The current setback for animal housing structures from property boundaries is 75 feet, but the new zoning ordinance puts the setback at 100 feet, Tellijohn noted.
For farmers who have buildings at the current setback, what provision is in the ordinance to allow them to build additions onto existing buildings? he wondered.
The 100-foot setback is consistent with the county’s zoning ordinance, Steinberger said.
The proposed zoning ordinance states that if non-conforming structures can be built in a such a way that it does not increase the non-conformity, they are acceptable, Munkittrick said.
In other words, if farmers build additions away from the property line on existing structures — rather than toward the property line — the additions will be acceptable under the proposed zoning ordinance.
Tellijohn said he was concerned about the sign regulations, too.
The ordinance restricts signs to no more than six square feet, which is a sign that could be two feet high by three feet wide, he said.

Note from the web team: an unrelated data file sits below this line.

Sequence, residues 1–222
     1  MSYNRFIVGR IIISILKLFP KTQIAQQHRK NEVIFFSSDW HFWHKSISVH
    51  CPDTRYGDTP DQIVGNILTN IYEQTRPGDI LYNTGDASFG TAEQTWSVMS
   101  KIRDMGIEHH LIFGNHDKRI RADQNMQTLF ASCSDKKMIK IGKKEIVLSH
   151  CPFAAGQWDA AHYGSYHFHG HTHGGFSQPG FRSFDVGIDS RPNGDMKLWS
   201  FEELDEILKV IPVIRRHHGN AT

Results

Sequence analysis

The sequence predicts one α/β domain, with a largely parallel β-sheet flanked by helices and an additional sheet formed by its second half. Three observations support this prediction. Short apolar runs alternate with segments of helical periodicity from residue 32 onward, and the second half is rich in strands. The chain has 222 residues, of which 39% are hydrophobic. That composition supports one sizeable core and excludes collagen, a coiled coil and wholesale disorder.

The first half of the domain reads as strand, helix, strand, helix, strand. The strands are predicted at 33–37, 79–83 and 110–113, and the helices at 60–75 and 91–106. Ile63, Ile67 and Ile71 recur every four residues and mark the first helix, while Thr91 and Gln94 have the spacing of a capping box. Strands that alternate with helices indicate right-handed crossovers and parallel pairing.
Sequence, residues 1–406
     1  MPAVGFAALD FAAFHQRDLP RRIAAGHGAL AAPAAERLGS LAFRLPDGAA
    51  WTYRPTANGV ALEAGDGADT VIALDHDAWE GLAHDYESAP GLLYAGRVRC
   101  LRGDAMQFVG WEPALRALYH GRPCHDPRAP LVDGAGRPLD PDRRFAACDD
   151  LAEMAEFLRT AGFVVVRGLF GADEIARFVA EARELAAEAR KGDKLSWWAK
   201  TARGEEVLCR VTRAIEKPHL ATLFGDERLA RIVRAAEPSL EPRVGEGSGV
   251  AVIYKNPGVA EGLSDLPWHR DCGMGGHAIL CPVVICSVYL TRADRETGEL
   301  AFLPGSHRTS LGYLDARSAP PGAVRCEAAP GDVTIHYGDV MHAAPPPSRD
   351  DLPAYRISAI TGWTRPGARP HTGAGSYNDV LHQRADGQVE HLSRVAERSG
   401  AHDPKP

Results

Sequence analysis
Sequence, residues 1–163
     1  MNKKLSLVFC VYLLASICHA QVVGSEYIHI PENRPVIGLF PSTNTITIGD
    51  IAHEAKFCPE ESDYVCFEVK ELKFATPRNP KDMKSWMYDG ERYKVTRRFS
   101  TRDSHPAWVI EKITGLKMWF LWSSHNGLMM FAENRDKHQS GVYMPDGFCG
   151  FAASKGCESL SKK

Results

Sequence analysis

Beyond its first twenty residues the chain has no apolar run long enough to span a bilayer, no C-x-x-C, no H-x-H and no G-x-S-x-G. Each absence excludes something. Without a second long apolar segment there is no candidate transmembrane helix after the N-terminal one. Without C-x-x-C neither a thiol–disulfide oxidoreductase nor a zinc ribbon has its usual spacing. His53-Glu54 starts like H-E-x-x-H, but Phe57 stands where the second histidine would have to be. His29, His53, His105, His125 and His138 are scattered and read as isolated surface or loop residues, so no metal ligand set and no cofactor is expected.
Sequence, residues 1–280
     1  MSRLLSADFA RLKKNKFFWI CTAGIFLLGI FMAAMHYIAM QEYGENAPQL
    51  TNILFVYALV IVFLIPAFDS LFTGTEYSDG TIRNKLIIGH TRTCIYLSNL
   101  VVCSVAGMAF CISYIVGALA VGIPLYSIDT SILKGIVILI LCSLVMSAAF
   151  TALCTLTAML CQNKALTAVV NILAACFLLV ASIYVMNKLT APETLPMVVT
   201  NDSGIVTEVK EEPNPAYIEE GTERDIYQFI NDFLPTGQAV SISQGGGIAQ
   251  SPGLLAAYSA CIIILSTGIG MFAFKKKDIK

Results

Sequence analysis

In town, where drivers travel at 25mph, a six-foot sign might be sufficient; out in the country, where someone is trying to catch the attention of someone driving by at 50 mph, a six-foot sign is small, Tellijohn said.
Tellijohn noted that one big sign on the side of a barn advertising antiques would be prohibited under the new ordinance.
Current land uses are grandfathered in, including the big sign on the barn, said Doris Schmidt, Forest resident.
The size of mobile homes and residential homes also was a subject for discussion.
The proposed zoning ordinance initially only allowed double-wide (26 feet) mobile homes and houses that were 1,120 square feet or larger, meaning that houses smaller than 28 feet wide by 40 feet long would not be allowed in Forest.